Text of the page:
Tips for Women Flying with Osteoarthritis

Women suffering with joint pain need to take extra care & precautions while travelling.

The question that frequently arises is, what can I do both before the flight and during it to make travelling more comfortable?

Things to do
Before you Fly…

  • Talk with your doctor to make sure you have enough medication for the full length of your trip, and maybe even a little extra in case of lost luggage or a delay. If you have a long flight, also ask if an additional prescription-strength pain medication would be appropriate for you.
  • Call the airline in advance to inform them you have a medical condition. With advance notice, they should be able to provide you with wheelchair assistance and early boarding, if necessary
  • Have airline personnel carry your luggage for you and/or lift it into the overhead bin for you. They can even accommodate you with special shuttles and elevator platforms for boarding
  • Opt for flight tickets when there are fewer people on board and more room for you to stretch out or get up to walk. Also, choose the aisle seat so it will be easier to stretch or get up and move around during the flight.
  • Don’t choose a flight that will require you to wake up extremely early, especially if your joints tend to be achy in the morning.

During your Flight…

  • Carry Your over-the-counter pain medication to provide pain relief during the flight. Take it one hour before your flight to give it time to get into your system.
  • Provide extra support to your joints during the flight. For lower back pain, provide support behind your lower back with a back roll or a pillow. If you use a brace for your affected joint, bring or wear it.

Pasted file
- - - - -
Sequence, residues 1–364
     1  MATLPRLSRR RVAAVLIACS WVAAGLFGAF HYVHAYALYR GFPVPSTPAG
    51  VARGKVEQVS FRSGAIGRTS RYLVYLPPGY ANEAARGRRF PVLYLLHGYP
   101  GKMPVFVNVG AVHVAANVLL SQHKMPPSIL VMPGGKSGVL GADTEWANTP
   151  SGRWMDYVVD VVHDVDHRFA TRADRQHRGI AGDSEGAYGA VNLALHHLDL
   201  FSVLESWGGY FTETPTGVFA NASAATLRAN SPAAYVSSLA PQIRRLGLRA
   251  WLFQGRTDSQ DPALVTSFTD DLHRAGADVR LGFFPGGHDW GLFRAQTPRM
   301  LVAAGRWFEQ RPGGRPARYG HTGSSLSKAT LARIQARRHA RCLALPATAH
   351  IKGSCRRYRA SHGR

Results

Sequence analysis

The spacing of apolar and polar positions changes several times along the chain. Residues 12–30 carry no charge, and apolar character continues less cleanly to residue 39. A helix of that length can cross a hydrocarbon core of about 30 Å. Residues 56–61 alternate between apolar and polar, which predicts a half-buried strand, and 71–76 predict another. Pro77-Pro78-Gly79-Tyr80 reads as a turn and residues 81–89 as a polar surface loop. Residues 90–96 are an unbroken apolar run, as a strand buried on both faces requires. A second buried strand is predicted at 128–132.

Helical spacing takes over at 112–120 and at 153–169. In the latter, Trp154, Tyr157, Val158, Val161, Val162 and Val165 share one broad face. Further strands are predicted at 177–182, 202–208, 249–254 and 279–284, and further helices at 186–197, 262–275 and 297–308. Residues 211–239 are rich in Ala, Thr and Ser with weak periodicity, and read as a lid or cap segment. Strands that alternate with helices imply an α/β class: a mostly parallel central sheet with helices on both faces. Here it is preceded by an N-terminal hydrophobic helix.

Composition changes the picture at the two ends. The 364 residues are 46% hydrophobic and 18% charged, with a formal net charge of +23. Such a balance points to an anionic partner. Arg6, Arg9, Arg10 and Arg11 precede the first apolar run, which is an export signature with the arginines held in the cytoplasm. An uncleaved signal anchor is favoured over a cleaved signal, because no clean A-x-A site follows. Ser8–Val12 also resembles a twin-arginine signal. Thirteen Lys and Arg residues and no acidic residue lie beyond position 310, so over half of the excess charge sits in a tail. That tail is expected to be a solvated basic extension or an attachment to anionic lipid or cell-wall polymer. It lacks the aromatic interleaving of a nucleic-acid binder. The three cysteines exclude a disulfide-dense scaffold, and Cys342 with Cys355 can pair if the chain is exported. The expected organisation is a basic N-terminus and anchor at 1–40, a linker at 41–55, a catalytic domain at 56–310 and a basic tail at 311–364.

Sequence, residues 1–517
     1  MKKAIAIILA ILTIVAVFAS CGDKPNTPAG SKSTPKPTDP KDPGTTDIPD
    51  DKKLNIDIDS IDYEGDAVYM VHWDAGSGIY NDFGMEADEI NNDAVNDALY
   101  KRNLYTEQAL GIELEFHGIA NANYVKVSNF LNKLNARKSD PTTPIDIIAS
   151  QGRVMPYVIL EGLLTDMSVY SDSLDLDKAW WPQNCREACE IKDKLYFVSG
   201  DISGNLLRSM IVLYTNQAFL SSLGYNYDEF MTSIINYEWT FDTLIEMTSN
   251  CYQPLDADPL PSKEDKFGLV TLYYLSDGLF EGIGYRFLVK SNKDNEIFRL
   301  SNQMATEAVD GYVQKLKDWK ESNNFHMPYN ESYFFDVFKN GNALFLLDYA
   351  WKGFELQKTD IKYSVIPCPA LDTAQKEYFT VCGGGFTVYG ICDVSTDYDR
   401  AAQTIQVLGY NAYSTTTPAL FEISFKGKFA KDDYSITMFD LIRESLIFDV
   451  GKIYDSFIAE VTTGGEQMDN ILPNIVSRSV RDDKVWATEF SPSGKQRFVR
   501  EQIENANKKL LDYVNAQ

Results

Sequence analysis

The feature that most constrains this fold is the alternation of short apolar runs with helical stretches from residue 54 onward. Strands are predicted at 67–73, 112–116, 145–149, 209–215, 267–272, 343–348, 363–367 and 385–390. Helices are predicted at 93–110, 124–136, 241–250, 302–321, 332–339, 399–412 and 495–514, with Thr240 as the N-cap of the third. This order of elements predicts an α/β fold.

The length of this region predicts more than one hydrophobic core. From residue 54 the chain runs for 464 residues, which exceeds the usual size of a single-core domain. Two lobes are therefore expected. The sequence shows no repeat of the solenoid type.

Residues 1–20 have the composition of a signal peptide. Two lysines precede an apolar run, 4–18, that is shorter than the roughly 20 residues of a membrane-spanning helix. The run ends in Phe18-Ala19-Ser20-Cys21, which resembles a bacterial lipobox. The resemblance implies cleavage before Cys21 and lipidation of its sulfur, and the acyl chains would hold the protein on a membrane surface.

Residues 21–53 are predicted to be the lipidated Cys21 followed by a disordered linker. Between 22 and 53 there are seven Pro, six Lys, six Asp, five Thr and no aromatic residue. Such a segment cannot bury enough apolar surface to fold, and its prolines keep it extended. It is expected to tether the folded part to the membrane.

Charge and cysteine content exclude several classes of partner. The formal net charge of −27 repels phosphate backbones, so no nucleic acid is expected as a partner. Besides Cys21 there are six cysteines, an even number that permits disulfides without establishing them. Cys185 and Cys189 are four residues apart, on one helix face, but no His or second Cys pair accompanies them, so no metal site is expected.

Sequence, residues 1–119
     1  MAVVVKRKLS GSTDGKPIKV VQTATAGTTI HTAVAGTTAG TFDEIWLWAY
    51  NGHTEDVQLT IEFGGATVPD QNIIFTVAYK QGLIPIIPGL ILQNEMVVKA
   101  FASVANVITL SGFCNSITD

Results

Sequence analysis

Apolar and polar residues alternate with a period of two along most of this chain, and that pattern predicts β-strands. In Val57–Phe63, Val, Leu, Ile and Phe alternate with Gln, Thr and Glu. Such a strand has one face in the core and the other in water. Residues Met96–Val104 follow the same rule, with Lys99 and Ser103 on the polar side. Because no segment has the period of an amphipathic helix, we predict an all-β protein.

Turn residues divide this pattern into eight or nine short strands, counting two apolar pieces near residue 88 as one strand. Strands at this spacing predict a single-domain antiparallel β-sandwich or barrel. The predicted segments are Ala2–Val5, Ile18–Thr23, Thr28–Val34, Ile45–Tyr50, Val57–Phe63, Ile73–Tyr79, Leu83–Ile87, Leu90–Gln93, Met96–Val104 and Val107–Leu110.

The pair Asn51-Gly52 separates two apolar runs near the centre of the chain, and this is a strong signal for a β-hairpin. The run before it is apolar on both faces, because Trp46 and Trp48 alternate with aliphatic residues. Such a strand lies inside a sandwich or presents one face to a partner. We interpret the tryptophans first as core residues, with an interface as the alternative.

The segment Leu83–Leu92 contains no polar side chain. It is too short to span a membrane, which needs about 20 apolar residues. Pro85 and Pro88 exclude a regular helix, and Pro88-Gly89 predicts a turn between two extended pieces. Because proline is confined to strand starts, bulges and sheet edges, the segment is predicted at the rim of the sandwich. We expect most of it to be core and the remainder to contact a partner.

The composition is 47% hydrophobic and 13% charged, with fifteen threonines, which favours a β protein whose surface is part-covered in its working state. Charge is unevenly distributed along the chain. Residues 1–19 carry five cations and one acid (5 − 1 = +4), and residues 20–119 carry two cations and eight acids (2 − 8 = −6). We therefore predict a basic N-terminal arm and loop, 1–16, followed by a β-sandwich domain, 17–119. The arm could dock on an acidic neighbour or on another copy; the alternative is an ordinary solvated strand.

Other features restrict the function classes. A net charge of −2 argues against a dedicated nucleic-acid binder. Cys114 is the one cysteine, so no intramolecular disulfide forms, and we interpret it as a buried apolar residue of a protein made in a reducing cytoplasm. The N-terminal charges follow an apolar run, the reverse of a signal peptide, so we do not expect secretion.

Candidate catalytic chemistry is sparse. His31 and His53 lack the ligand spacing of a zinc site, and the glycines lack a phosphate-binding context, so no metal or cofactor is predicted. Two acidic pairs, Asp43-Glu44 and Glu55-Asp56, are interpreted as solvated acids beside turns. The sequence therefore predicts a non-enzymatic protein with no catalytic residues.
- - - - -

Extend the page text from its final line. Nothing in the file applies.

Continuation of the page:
• Practice good posture while seated. If your legs are not at a right angle when you sit in the seat, ask for something (pillows, blankets) to prop up your feet and keep your knees at a right angle.
  • Get up and walk around during long flights for long duration fights can lead to increase in pain. According to a recent review of 10 studies, people with rheumatoid arthritis have twice the risk of deep vein thrombosis as those who don’t have RA. If your flight is longer than 4 hours, you can help prevent deep vein thrombosis by getting up to walk around at least every 2 to 3 hours.
  • Practice seated exercises. This will help prevent stiffness in your joints while sitting during the flight and decrease your risk for deep vein thrombosis.

You Can Do While Flying…

following exercises can be done while you’re in flight:

  • Raise and lower your toes while
    keeping your heels on the ground
  • Raise and lower your heels while your
    toes stay on the ground.
  • Tighten and relax the muscles in your
  • If you have space, lift your foot off
    the floor and straighten your leg until you feel it in your hamstrings.

With these key factors in mind you can avoid strain on the joints & have a pleasurable journey.


The Content is not intended to be a substitute for professional medical advice, diagnosis, or treatment. Always seek the advice of your physician or other qualified health provider with any questions you may have regarding a medical condition.

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